Ribar, Lindsay. Rocks Fall, Everyone Dies. New York: Kathy Dawson Books, 2016. 978-0-525-42868-8. 323 pp. $17.99. Gr. 9 and up.
Aspen Quick can reach inside of people and steal almost anything: thoughts, feelings, memories, or physical attributes. It’s a family trait the Quicks of Three Peaks, New York, have always used to perform the “triad ritual” that repairs dangerous fault lines in the cliff looming over their town. And sure, maybe Aspen occasionally uses his ability to make his life a little better (e.g., manipulating his crush into breaking up with her boyfriend and falling for Aspen instead). Following his cousin Heather’s death, Aspen becomes a regular member of the ritual. But he notices something strange afoot in seemingly idyllic Three Peaks; local teens still talk about Heather in the present tense, and one of them seems immune to Aspen’s abilities. The novel’s interesting structure, with scenes from “Before” closing each chapter, adds context even as the holes in Aspen’s memory are revealed. THOUGHTS: With Rocks Fall, Everyone Dies, Lindsay Ribar has stirred up a singular brew of summer love, magical realism, and family secrets. It’s a satisfying stand-alone that readers of Laura Ruby’s Bone Gap will enjoy.
Magical Realism Amy V. Pickett, Ridley High School Library
Keplinger, Kody. Run. New York: Scholastic Press, 2016. 978-0-545-83113-0. 295 pp. $17.99. Gr. 9 and up.
Bo Dickinson and Agnes Atwood could not be more different. Bo comes from a family of drunkards, drug addicts, and criminals and has a reputation for being wild. Agnes, on the other hand, goes to church with her parents every week and always follows the rules. Because she was born legally blind, Agnes has lived a very sheltered life. When Bo suddenly enters her life, Agnes is curious about the world outside her small circle, and the two become best friends. That’s why Agnes doesn’t hesitate when Bo asks her to run away from their small, rural town with her. Told in alternating perspectives, Agnes explains how their friendship formed while Bo relays the events of their road trip. Throughout the course of the book, the two will share secrets and new experiences, break rules, and form an indestructible bond. A solid story of friendship, this book has some edgy topics that will be relatable to many teens: bisexuality, sexual experiences, disabilities, dysfunctional family dynamics, underage drinking and more. THOUGHTS: This book really opened my eyes to what life can be like for those who are blind and how refreshing it can be for others to treat them like normal people (as Bo does for Agnes) rather than treating like they are handicapped. For that reason, I could see this book pairing well with Blind by Rachel DeWoskin or with books about other disabilities or abnormalities, such as R.J. Palacio’s Wonder or Sharon Draper’s Out of My Mind. I would warn purchasers, however, that the book contains some graphic language and edgy content, so it may be more suited for older readers.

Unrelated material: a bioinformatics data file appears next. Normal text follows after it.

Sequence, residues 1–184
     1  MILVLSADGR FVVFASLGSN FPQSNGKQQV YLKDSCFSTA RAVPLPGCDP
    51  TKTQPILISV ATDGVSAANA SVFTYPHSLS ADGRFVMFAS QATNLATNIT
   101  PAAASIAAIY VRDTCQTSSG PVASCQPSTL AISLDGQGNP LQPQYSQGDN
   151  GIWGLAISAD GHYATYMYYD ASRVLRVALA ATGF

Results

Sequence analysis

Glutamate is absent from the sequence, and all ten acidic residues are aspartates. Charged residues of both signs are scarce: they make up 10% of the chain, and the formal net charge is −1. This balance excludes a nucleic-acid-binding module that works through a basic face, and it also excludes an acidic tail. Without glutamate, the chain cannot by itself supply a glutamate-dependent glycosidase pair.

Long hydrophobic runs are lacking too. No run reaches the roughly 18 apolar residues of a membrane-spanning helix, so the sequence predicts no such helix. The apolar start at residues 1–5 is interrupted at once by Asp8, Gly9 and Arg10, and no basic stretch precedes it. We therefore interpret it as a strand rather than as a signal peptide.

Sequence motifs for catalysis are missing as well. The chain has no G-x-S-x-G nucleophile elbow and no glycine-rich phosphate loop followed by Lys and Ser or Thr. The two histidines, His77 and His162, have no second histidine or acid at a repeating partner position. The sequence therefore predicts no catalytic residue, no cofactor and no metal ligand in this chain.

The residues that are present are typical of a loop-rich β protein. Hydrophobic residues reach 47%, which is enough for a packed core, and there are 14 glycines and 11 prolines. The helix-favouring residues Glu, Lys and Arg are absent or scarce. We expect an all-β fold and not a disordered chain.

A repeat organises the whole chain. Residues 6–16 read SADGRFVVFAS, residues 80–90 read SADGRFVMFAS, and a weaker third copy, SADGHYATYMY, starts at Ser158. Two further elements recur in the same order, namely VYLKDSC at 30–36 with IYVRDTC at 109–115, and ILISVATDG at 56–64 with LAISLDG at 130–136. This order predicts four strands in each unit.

Realistic Fiction Julie Ritter, Montoursville Area High School
McGinnis, Mindy. The Female of the Species. New York: Katherine Tegen Books, 2016. 978-0-06232-089-6. $17.99. Gr. 9-12.
Three years ago, Alex Craft’s sister Anna was found in pieces in the snowy woods. Without enough evidence to convict the killer, Alex watched her sister’s murderer walk free. Now she watches and waits, and becomes what she thinks and feels; violence and vengeance. With her own crime unpunished, Alex retreats from her family and peers, afraid to unleash the violence buried deep inside her. While volunteering at an animal shelter for her senior project, Alex meets Peekay, the local preacher’s daughter, and an unlikely friendship blossoms. Now venturing into the high school social world, Alex also meets Jack, who begins to chip away at her hard exterior and see the person underneath- but with that person also comes darkness and anger. Told through Alex, Peekay, and Jack’s alternating perspectives. McGinnis expertly taps into the often uncomfortable yet realistic world of teenage drinking, drugs, and sex, as well as the social pressure that accompanies it. THOUGHTS: While the ending seemed a bit rushed and dramatic, McGinnis is an excellent storyteller who expertly unravels Alex and Anna’s story over the course of the book. Jack, Peekay and Alex are far from the perfect teen, which makes them all the more relatable to teen readers.
Realistic Fiction Vicki Schwoebel, Friends’ Central School